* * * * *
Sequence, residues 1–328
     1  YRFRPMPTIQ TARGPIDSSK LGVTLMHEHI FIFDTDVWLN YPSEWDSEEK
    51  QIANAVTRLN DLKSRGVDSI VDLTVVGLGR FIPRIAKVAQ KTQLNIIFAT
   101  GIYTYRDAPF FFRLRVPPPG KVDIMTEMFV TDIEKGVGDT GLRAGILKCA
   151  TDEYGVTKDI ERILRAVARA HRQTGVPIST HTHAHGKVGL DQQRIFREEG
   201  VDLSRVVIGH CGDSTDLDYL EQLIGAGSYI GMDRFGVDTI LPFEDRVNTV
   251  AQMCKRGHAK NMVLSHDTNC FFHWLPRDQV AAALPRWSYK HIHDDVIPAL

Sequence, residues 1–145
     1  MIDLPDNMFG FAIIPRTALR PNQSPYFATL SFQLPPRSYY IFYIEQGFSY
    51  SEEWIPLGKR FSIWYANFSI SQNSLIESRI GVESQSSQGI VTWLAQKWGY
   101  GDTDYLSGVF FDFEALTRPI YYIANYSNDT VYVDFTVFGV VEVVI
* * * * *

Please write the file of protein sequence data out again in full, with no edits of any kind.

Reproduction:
Sequence, residues 1–328
     1  YRFRPMPTIQ TARGPIDSSK LGVTLMHEHI FIFDTDVWLN YPSEWDSEEK
    51  QIANAVTRLN DLKSRGVDSI VDLTVVGLGR FIPRIAKVAQ KTQLNIIFAT
   101  GIYTYRDAPF FFRLRVPPPG KVDIMTEMFV TDIEKGVGDT GLRAGILKCA
   151  TDEYGVTKDI ERILRAVARA HRQTGVPIST HTHAHGKVGL DQQRIFREEG
   201  VDLSRVVIGH CGDSTDLDYL EQLIGAGSYI GMDRFGVDTI LPFEDRVNTV
   251  AQMCKRGHAK NMVLSHDTNC FFHWLPRDQV AAALPRWSYK HIHDDVIPAL

Sequence, residues 1–145
     1  MIDLPDNMFG FAIIPRTALR PNQSPYFATL SFQLPPRSYY IFYIEQGFSY
    51  SEEWIPLGKR FSIWYANFSI SQNSLIESRI GVESQSSQGI VTWLAQKWGY
   101  GDTDYLSGVF FDFEALTRPI YYIANYSNDT VYVDFTVFGV VEVVI